Source: Forbes, Tech | Steve Morgan | December 4, 2015
Lockheed Martin Corp. has been planning to sell off or spin off its roughly $4 billion government information technology business since earlier this year. That would include its Cybersecurity unit. ”The cyber programs that will remain with the company are mostly focused on defense and intelligence customers and will be realigned into the Corporation’s other four business segments” says Dan Nelson, Vice President, Corporation Communications at Lockheed.
Deltek’s annual forecast report, “Federal Information Technology Market, 2015-2020,” predicts a slight decline in the federal IT market from $97.7 billion in FY 2015 to $94.4 billion in FY 2020. Although IT spending will remain relatively flat over the forecast period, Deltek expects growth opportunities in key areas such as cloud, cybersecurity, big data and infrastructure modernization.
The U.S. federal government has spent $100 billion on cybersecurity over the past decade, and President Obama has $14 billion budgeted for cybersecurity in 2016.
More broadly, the worldwide cybersecurity market is expected to reach $170 billion by 2020. U.S. corporations are increasingly looking to defense contractors of all sizes who bring ex-government hackers to help defend against the growing cybercrime epidemic.
These numbers would seem to suggest a big opportunity in cyber for Lockheed, which has been the top provider of Information technology services to the U.S. government for the past 20 years… and defending critical infrastructures worldwide against cyber threats for over a decade.
Lockheed has excellent relationships with the senior executives who watch over the largest U.S. federal agencies which are ratcheting up their cyber budgets. In an effort to combat the growing threat of cybercrime, the U.S. Department of Homeland Security (DHS) increased its cybersecurity budget 500% during the past two years.
Lockheed announced plans this past September to lay off about 500 people across its information systems and government services division. The defense contractor might have thought about cross-training those IT folks on cybersecurity which they could have parlayed into an opportunity – in both the private and public sectors. There’s a severe cybersecurity labor shortage and cyber workers are in high demand with federal agencies and corporations willing to pay a premium for such talent.
So, what gives? Helicopters… and combat jets. A couple of months before Lockheed announced the IT layoffs, they announced their intentions to buy Sikorsky Aircraft, a unit of United Technologies UTX +1.05% Corp for $9 billion. The deal closed early last month. Dan Schultz was named president of Sikorsky, a Lockheed Martin Company. “Dan is a former Marine helicopter pilot and has decades of experience in the rotary-wing segment, including leading Lockheed Martin’s helicopter system integration business,” stated Marillyn Hewson, Lockheed’s chairman, president and CEO. Lockheed is well known for its F-35 fighter jets, and now they pick up Sikorsky’s Black Hawk helicopter.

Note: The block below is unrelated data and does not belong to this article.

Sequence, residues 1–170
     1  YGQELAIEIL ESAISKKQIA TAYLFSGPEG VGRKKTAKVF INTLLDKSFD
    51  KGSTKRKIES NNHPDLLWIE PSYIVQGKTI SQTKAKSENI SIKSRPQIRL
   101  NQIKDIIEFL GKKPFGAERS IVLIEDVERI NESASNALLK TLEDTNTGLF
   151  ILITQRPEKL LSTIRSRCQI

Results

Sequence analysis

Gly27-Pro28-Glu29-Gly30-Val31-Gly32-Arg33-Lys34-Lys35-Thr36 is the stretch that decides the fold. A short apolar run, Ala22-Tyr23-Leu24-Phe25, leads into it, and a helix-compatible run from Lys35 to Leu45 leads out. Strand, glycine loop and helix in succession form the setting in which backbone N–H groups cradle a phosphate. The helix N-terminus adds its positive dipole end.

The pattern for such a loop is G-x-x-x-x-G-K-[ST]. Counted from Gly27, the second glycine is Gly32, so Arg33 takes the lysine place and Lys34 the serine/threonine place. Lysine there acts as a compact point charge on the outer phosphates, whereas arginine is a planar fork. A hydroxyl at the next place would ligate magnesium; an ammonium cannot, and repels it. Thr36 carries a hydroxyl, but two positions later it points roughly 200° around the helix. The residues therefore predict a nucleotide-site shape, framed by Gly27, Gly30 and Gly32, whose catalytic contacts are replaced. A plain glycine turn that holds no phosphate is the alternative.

To put all this in perspective, you have to consider the numbers – as Lockheed certainly must have – around IT, cybersecurity, and how that stacks up to aviation weapon making. Then you begin to understand how Lockheed can justify what appears to be an exit from their cybersecurity business.
Lockheed’s annual revenue last year (2014) was over $45 billion. According to an article in The Wall Street Journal,Sikorsky just won over $900 million in contracts from the Pentagon – roughly 25% the size of Lockheed’s entire government IT services business… a business that can easily become a rounding error as Lockheed continues to ramp its new Sikorsky business.
“The main factors driving the spin-off or sale of our IT and technical services businesses are changing market dynamics, shifting government priorities, increased competition and industry trends that have led us to believe that these businesses may achieve greater growth, and create more value for our customers by operating outside of Lockheed Martin” adds Nelson.
The Lockheed cyber business is a valuable asset, perhaps more so than any other part of the government IT services business. Lockheed cyber has thousands of customers which goes well beyond government agencies and includes financial services, chemicals, healthcare, oil and gas, utilities, and others. Perhaps IBM Security or one of the other major cybersecurity vendors will come calling on Lockheed for their cyber unit.